The Cyber Edge Home Page

  • Soldiers demonstrate the Command Post Computing Environment prototype at Aberdeen Proving Ground. With a new single tactical server infrastructure plus a common software baseline, it will provide soldiers an underlying core command post system. U.S. Army photo by Dan Lafontaine, PEO C3T
     Soldiers demonstrate the Command Post Computing Environment prototype at Aberdeen Proving Ground. With a new single tactical server infrastructure plus a common software baseline, it will provide soldiers an underlying core command post system. U.S. Army photo by Dan Lafontaine, PEO C3T
  • Project Manager Tactical Network developed the Enroute Mission Command system to enable real-time joint intelligence, communications and collaboration capabilities on a flight from Fort Bragg, North Carolina, to New Mexico. U.S. Army photo by 2nd Lt. Zachary Jacobson, 50th Expeditionary Signal Battalion, 35th Signal Brigade
     Project Manager Tactical Network developed the Enroute Mission Command system to enable real-time joint intelligence, communications and collaboration capabilities on a flight from Fort Bragg, North Carolina, to New Mexico. U.S. Army photo by 2nd Lt. Zachary Jacobson, 50th Expeditionary Signal Battalion, 35th Signal Brigade
  • Project Manager Tactical Network equipped the first unit—the 3rd Brigade Combat Team, 82nd Airborne Division—with the new inflatable satellite communications system known as Transportable Tactical Command Communications. The system enables expeditionary mission command and situational awareness in the heart of evolving fights. U.S. Army photo by Amy Walker, PEO C3T
     Project Manager Tactical Network equipped the first unit—the 3rd Brigade Combat Team, 82nd Airborne Division—with the new inflatable satellite communications system known as Transportable Tactical Command Communications. The system enables expeditionary mission command and situational awareness in the heart of evolving fights. U.S. Army photo by Amy Walker, PEO C3T

Fighting Cyber With Cyber

The Cyber Edge
November 1, 2018
By Lt. Col. Jon Erickson, USAR


Software-defined networking offers a counterpunch to thwart network attacks.


The Warfighter Information Network–Tactical program delivered a digital transformation, enabling maneuver elements to move faster and provide commanders with vital battlefield information in near real-time. Its flexibility facilitated communications in Iraq’s urban environments and Afghanistan’s mountainous terrain. Although a powerful improvement over Mobile Subscriber Equipment, the technologies are not powerful enough to combat adversaries wielding cyber capabilities.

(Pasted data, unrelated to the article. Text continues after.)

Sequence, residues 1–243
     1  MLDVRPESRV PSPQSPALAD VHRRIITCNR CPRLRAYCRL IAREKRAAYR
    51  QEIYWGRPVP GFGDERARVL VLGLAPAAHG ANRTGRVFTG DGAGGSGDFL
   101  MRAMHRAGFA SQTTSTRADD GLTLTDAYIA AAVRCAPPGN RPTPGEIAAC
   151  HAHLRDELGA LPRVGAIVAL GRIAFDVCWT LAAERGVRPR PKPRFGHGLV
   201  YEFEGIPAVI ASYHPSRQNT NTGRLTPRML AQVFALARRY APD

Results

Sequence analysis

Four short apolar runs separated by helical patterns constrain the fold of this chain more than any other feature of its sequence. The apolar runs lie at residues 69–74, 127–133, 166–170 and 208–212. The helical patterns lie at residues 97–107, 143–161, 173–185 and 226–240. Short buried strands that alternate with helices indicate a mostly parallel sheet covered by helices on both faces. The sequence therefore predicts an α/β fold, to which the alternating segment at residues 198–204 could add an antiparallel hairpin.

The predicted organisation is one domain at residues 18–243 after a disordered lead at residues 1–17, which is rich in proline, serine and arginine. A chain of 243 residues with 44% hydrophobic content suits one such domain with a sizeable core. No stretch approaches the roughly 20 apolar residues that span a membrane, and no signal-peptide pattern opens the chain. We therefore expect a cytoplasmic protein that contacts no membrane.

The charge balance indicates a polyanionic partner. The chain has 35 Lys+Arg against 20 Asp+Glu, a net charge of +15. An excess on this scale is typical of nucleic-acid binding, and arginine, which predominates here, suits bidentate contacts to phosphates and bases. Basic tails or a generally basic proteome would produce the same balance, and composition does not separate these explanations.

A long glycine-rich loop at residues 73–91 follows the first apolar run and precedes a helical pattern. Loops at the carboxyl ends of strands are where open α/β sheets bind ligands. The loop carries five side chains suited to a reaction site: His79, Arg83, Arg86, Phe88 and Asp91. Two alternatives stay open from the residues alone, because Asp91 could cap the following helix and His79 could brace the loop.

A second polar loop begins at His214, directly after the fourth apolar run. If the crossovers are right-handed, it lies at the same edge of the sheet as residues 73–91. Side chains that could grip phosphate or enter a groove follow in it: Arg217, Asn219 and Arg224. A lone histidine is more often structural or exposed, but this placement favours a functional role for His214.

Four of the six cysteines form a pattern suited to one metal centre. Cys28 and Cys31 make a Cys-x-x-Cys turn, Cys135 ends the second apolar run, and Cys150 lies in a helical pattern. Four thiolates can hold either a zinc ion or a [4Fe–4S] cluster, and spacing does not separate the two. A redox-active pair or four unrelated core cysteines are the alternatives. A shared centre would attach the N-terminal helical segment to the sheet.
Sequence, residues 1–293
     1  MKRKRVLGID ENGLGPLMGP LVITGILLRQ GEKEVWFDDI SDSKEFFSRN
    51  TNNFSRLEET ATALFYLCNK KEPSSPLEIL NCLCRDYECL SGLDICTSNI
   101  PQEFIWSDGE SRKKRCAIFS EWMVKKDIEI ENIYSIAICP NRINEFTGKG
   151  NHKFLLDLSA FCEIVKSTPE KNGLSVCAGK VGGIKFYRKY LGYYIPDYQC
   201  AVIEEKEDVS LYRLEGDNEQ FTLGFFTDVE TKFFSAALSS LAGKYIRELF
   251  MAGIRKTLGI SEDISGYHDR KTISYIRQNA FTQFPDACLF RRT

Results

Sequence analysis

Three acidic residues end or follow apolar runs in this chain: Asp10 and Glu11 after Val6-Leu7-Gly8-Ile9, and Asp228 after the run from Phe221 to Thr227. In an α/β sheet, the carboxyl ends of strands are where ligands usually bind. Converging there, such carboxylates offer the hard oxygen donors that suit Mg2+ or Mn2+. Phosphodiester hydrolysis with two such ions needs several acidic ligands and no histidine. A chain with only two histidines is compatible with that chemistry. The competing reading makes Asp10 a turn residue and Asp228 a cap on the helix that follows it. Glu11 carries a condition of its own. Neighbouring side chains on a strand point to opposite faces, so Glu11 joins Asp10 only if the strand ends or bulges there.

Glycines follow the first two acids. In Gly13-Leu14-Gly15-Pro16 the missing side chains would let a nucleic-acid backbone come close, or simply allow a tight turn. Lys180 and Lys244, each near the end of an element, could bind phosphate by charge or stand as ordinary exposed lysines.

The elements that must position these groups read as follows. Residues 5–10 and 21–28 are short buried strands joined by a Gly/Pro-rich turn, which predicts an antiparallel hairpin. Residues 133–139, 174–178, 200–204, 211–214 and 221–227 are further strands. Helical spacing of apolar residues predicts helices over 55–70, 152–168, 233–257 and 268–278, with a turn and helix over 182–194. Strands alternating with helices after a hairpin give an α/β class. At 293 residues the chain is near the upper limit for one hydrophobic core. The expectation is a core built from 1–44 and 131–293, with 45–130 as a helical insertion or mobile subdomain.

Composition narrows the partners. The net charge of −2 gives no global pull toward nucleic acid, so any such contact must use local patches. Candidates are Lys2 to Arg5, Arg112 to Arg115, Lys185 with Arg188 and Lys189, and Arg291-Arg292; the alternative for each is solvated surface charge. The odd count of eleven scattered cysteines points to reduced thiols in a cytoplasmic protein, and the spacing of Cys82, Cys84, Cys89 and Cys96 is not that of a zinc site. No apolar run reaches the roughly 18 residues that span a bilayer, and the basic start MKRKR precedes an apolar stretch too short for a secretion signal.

Clearly envisioning a future in which the fighting domain would certainly include cyber, the U.S. Army halted Warfighter Information Network–Tactical (WIN-T) procurements for fiscal year 2018. While retaining the advances of WIN-T increments 1 and 2, the overall program, now called Project Manager Tactical Network, added expeditionary line-of-sight and beyond line-of-sight capabilities. In addition, it now encompasses a scalable suite of integrated tactical network communication, network and cyber management capabilities.

This transition is overdue yet just in time. Through the lens of the modern battlefield, the gaping flaws of WIN-T became evident. As designed, WIN-T offered little protection against electronic interference and jamming. The specialized training Signal soldiers required was a perishable skill set, forgotten when not often used.

In addition, WIN-T’s foundation is built on a hardware-centric architecture. Specific functions require specific hardware and software solutions from different vendors and demand unique and costly skill sets to configure and manage. The added network and security requirements make it difficult for administrators to maintain consistent baseline configurations and increase the likelihood of security breaches.